SWAT Teams, Drugs, and the War on Terror

Serious police militarization has grown steadily in the United States since the Reagan era and continues to create controversy today. While the media often covers the negative consequences of police militarization, it often fails to address the greater causes in its connection to the War on Terror.

Police militarization refers to the equipping of police departments with military weapons and armor, including assault rifles and armored trucks. The initial movement to arm police with greater weaponry has its strongest roots in the early 1980s, when President Reagan identified illegal drugs as a threat to national security. Through his commitment to the “War on Drugs,” Reagan began a trend of harsher punishment for drug use that has more or less continued into the present day.

The War on Drugs has promoted police militarization because it represents more than a domestic issue, but a problem that involves international drug trade with more dangerous criminals. Thus, SWAT teams and armored trucks act as a protective measure against the greater threats involved in illicit drug market.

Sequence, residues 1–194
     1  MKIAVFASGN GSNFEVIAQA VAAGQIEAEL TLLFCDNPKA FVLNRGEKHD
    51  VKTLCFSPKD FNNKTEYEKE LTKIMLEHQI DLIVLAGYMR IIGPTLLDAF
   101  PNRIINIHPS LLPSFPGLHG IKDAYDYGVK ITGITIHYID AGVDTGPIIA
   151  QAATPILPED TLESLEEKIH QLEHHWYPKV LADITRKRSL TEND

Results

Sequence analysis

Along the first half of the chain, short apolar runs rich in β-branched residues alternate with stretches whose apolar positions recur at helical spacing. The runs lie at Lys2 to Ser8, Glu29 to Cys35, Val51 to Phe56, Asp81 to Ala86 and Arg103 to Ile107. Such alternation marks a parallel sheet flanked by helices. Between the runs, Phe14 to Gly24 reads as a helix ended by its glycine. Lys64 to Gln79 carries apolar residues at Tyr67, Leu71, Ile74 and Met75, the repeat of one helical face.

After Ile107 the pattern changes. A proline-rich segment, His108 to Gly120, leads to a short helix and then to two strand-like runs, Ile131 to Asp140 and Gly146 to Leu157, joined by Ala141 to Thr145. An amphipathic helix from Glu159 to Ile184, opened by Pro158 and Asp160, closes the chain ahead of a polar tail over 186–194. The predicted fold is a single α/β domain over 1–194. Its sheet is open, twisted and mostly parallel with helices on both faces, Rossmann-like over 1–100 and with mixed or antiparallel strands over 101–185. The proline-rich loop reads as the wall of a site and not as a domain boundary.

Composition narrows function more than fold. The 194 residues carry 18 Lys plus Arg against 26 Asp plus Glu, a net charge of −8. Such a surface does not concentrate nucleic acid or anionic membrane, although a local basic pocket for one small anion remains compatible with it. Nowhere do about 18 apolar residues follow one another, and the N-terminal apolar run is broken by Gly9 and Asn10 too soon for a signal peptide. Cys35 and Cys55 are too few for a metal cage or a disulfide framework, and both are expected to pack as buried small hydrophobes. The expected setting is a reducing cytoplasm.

Some of the most popular controversies that have arisen are the misuse of military-like arms by police and the overuse of SWAT forces, especially in lower-income areas. These controversies have embodied themselves most recently in the displays of police weaponry in Ferguson, Missouri, and most recently, at the oil pipeline protests at the Standing Rock Indian Reservation.

While the media often pinpoints racial tensions and economic disparity as the causes of these issues, they fail to recognize it as a rebirth of a national containment rhetoric. In my RBA, I aim to argue that both social tensions and police militarization are effects of a larger movement to promote America’s superiority in the international realm—through the War on Terror. This parallel of military power both abroad and domestically works to enforce an “us versus them” mindset that values compliance with national norms.


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